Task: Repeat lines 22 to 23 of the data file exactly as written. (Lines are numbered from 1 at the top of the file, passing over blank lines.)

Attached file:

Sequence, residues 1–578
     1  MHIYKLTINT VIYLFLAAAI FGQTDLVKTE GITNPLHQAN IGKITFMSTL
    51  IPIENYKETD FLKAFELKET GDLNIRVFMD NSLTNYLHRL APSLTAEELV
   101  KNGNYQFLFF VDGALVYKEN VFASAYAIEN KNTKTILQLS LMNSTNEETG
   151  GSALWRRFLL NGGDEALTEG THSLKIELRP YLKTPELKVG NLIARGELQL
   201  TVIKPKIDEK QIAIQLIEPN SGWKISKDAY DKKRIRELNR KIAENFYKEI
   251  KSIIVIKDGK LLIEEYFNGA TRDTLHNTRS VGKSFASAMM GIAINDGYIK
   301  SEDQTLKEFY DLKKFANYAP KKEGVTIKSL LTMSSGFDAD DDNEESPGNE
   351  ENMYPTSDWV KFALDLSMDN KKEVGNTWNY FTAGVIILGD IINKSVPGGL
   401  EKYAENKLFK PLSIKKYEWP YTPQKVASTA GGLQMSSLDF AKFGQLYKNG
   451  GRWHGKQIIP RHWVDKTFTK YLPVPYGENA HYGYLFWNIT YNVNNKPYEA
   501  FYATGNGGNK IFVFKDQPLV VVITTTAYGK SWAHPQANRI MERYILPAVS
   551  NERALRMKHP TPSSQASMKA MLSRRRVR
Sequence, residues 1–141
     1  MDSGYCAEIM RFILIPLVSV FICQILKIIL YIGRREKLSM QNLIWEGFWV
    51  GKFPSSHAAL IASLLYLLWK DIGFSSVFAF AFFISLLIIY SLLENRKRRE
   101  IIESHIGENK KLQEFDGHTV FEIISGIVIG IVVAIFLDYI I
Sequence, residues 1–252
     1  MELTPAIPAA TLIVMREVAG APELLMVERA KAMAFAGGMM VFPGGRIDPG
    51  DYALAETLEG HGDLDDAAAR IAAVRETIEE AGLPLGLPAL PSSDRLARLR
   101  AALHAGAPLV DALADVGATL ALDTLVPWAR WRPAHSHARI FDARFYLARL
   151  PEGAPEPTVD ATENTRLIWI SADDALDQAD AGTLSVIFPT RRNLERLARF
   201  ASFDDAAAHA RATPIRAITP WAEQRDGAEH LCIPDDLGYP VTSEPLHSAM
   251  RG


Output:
   151  PEGAPEPTVD ATENTRLIWI SADDALDQAD AGTLSVIFPT RRNLERLARF
   201  ASFDDAAAHA RATPIRAITP WAEQRDGAEH LCIPDDLGYP VTSEPLHSAM